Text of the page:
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Flash in the Pan

Blame it on Bahia



Chef Boi Ari here, on location in a broken- down bus somewhere between Caete-acu and Palmeiras, Bahia, Brazil. When the tire blew off it sounded like a land mine.

I’m down here in Brazil with a group of UM students, studying agroforestry. Growing annuals, perennials, fruits, nuts, legumes, roots, berries and veggies in the same space, this method creates an incredible amount of edible biomass. Meanwhile, real estate that had been given up on as dry, dusty wasteland becomes lush, green, humid and fertile—without irrigation. The principle is simple: green biomass attracts and retains water.

Maybe the tire blew off as a result of our collective sorrow at leaving the Capo valley, our home for the last nine days—I think my belly was the saddest of all. The food where we stayed—a retreat center called Lothlorien—is a delectable combination of typical Bahian fare mixed with a twist of new-age-back-to-nature-vegetarian-hippie-haute-cuisine. I’m not sure what “haute” means, but it seems like a word that Chef Boi Ari should be using from time to time. By the way, in Portuguese, “boi” means “bull,” as in strong like a bull.

Breakfast at Lothlorien is a spread of homemade granola, homemade yogurt, homemade honey or molasses, and an assortment of local and homegrown fruits, such as mango, papaya, banana and melon. Morning tea is a variety of interesting herbs from the garden and the forest. All of this is laid out on a banana leaf.

Lunch is the ringer meal. I had the pleasure of hanging out in the kitchen one day while it was being prepared, and I learned some important things to share.

First of all, what’s really nice about the Lothlorien kitchen is that you can hang there with just one article of clothing, plus flip-flops. I stationed myself in the epicenter of a laid-back buzz of Bahian women of various shades of brown, with white things on their heads. A far cry from the frenzied kitchen infernos of Missoula. I felt so comfortable there I didn’t even bother to resist the urge to lift lids and stir and smell the contents.

As far as reporting, I had to make a tough call. Many things were being prepared that day with ingredients that are tough to come by in Missoula. So rather than tease and tantalize you with recipes you don’t have the means to follow, I will stick to one dish, squash soup, that you can in fact prepare at home in gringo-land. Sadly, I will skip the stewed okra, the manioc flour farofa, and the coconut pudding.

The other reason I need to discuss squash soup is the delicious irony of it all. You see, in the final days before my departure to the tropics I began pining with advance nostalgia for squash, thinking I wouldn’t be eating any for a few months. So I found myself eating a lot of squash those last few days. And there I was in the kitchen of Lothlorien in one article of clothing plus flip-flops, preparing the squash. Tudo bem!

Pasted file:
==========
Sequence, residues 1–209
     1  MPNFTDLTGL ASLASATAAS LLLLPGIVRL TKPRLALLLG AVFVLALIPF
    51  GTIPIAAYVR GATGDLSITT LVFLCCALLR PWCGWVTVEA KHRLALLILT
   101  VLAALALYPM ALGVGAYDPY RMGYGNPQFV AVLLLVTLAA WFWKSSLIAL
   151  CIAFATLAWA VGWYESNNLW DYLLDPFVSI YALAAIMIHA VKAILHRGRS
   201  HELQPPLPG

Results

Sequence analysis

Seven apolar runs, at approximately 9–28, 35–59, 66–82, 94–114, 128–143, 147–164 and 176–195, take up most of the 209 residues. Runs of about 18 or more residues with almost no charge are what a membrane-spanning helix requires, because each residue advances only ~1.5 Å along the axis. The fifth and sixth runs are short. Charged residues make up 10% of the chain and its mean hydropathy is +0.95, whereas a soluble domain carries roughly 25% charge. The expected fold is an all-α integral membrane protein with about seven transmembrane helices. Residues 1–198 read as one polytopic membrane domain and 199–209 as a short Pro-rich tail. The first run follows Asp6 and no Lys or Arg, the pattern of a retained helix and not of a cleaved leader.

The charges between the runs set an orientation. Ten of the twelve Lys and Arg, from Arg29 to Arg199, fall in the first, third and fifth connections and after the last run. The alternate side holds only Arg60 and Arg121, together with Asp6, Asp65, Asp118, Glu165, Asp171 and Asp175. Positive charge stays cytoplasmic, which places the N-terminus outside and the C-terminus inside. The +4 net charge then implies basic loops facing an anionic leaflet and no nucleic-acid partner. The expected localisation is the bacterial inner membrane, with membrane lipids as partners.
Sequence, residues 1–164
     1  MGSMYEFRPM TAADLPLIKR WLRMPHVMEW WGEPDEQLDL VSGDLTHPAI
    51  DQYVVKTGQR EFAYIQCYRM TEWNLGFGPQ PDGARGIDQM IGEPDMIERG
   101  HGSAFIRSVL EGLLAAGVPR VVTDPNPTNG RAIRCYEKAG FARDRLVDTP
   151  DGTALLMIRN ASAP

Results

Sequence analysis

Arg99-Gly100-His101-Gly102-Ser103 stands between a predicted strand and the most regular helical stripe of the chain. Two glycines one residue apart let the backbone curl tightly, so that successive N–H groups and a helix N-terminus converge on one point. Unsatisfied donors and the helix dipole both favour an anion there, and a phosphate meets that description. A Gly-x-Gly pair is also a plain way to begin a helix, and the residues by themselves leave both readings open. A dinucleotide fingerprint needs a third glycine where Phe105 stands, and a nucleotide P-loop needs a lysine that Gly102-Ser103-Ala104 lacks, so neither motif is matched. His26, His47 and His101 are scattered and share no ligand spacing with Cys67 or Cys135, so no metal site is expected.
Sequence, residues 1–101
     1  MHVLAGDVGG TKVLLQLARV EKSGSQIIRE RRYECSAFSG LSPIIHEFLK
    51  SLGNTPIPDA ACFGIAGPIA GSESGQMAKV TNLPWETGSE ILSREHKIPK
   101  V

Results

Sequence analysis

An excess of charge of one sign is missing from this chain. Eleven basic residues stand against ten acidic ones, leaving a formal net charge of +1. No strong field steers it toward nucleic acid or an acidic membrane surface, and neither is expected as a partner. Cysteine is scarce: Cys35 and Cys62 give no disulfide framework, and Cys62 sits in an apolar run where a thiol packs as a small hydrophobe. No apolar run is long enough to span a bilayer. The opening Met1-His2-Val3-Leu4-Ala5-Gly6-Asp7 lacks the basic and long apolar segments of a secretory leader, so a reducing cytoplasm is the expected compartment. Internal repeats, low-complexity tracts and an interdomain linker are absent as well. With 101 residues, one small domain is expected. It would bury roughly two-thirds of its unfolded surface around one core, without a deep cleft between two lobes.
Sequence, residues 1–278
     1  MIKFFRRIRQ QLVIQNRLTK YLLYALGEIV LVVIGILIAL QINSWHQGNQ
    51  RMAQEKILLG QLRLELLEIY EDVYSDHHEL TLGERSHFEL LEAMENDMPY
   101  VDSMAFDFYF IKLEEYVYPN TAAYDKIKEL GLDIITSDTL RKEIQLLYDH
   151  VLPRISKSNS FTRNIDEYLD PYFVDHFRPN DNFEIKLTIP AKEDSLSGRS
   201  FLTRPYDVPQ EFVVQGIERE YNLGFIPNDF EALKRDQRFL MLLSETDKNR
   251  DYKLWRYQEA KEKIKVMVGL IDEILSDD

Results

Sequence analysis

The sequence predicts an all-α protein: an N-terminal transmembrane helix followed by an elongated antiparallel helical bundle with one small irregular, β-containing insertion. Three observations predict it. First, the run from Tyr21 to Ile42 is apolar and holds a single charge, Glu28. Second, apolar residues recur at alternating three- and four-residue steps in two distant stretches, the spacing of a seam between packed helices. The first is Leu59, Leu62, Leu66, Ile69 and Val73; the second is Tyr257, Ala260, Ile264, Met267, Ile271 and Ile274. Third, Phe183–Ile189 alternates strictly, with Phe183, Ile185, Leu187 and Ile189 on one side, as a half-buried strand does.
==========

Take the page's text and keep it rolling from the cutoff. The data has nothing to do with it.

The first thing that Jeu, the head cook, did that was super-interesting was add a few scoops of alho muchado to the hot pan. Alho muchado is mashed garlic with salt mixed in, about 12 tablespoons per liter. It can store many months this way, gets better with age, and smells fine in the pan.

Amazingly, Jeu adds this without oil, a maneuver that completely turns my cooking paradigm upside down. Had I not seen it with my own eyes I never in a million years would have recommended it. Obviously, I am not ready to leave the monastery. Jeu not only added the alho muchado to a dry, hot pan, but she then began mashing and smearing it into the bottom, until it quickly resembled a hopelessly scalded pan, aka a dishwasher’s worst nightmare. But the smell...let’s just say it did not smell like too much of a problem.

At this point, I noted the pile of flip-flops under the kitchen table, and the bare feet of my mentors. I kicked my flip-flops onto the pile. One article of clothing. Beleza. Sipping on coconut milk as well. No problem.

After the alho muchado is smeared and almost but not quite burned to the bottom, add cubed squash, chopped celery leaves, a few inches of water, and some salt. Keep it on medium heat with the lid on. Although Jeu did not stir it, I assume that the water soaked into the alho muchado and kept it from burning. A few minutes later, she began stirring. Soon it was done.

At this point, I was contemplating my stash of Brazilian mayo in the fridge, as well as the homemade spicy hot pimenta, both of which I intended on using with the soup. I was prepared.

Then Eligiana started to cry. No, it wasn’t the Roberto Carlos tune I began crooning at the thought of mayo...she was slicing onions for the farofa. Watching her push the onions rapid-fire into the knife blade with her thumb, I had to wince, although she claims she never gets cut. That’s when I realized they don’t use cutting boards in their kitchen, they just slice the veggies between knife and thumb. “It’s faster that way” she said. Mais rapido. Tune in next week for more Brazilian adventures.

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